Nadine pitched in and made covers for the seats and then we checked out the wiring job I had done. The bow lights worked and the stern light shown like a beacon. Everything was in place for our first boating trip the next weekend.

The weather report was for clear skies and 75 degrees, a perfect day for boating.

Nadine fixed us some sandwiches and packed the cooler. I backed up the truck and lifted the tongue and kicked the block from under it and lowered Christeen onto the ball. Everything was going as planned. I locked her into place and attached the safety chains and we were ready to go.

We pulled out and headed for the gas station to fill the tanks with gas. I had already put in the proper amount of oil, so everything was ready.

I was slightly surprised when it cost me close to $30.00 to fill the tanks, but that was fine because we were going boating. We drove to Suave Island where we would launch the boat in the channel that led to the Willamette River.  We would follow this river all the way into downtown Portland, Oregon. We had watched boats on the river from the shore and noticed that it didn’t matter if you had an old boat or a new boat, they were on the river having fun, and we were on the shore wishing we were with them.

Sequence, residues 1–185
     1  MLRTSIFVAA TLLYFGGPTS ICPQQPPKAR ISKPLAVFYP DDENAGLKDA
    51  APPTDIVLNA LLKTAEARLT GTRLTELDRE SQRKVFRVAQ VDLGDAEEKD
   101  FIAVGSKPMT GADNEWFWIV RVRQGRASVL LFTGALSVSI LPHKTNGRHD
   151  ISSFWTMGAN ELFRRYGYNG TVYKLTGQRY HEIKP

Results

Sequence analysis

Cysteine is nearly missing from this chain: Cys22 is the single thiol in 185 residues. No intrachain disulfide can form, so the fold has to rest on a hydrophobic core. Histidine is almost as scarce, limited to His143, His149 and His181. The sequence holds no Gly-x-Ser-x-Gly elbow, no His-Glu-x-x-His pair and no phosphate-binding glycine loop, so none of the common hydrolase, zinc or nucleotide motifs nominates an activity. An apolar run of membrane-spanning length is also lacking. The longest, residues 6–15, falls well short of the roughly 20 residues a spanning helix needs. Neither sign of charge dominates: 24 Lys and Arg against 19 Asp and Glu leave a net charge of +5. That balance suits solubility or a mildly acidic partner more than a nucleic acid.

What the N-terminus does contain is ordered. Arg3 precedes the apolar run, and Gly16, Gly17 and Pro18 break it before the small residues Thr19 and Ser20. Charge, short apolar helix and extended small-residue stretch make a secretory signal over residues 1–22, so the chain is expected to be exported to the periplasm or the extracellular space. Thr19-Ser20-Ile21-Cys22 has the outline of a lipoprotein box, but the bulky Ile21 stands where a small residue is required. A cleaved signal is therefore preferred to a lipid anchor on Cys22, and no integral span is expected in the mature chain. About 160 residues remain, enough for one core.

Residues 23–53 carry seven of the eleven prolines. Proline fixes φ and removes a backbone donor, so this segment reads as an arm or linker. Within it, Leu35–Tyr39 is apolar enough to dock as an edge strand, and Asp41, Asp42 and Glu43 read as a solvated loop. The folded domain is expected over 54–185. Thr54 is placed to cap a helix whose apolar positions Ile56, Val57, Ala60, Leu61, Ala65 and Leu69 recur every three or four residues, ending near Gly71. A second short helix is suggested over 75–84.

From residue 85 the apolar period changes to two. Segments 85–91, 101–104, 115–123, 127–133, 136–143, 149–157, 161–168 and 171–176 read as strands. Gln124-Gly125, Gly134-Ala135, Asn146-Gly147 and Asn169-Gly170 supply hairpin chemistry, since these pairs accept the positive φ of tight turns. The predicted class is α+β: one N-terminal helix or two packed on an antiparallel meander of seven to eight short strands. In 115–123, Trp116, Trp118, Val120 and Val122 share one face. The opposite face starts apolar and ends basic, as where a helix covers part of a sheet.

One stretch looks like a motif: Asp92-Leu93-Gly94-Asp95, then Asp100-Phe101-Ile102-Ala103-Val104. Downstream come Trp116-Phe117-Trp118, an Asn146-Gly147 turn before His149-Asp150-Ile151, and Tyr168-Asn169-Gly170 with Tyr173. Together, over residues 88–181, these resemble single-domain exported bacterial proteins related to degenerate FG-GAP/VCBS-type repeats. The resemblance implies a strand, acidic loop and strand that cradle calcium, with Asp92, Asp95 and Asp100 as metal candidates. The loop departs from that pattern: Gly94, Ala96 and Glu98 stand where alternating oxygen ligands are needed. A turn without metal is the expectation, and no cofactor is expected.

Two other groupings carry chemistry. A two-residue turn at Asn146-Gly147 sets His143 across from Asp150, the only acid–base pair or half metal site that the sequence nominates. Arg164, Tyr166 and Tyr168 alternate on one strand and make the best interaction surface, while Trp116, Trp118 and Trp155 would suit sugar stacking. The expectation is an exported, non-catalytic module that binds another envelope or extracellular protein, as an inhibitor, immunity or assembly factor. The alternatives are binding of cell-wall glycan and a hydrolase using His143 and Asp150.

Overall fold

I pulled into the parking lot at the boat launch. I couldn’t reach the bowline, so I climbed over the stern to get inside Christeen and tossed the line onto the bow so I could hand it to Nadine once she was in the water so we could maneuver her to the dock.

I decided to just hop over the side of Christeen to get out, so I placed one hand on the side rail and took a leap. The next thing I remember was laying face down in the gravel in the parking lot, pain shooting though my body. I had forgotten that I waxed her the week before, and she was very slippery.

Nadine came running over to see if I was hurt. I sat up and blood ran into my eye from the gash in my head. My glasses were broken, and pain was shooting from my right hand that had taken the brunt of the impact when I hit the ground.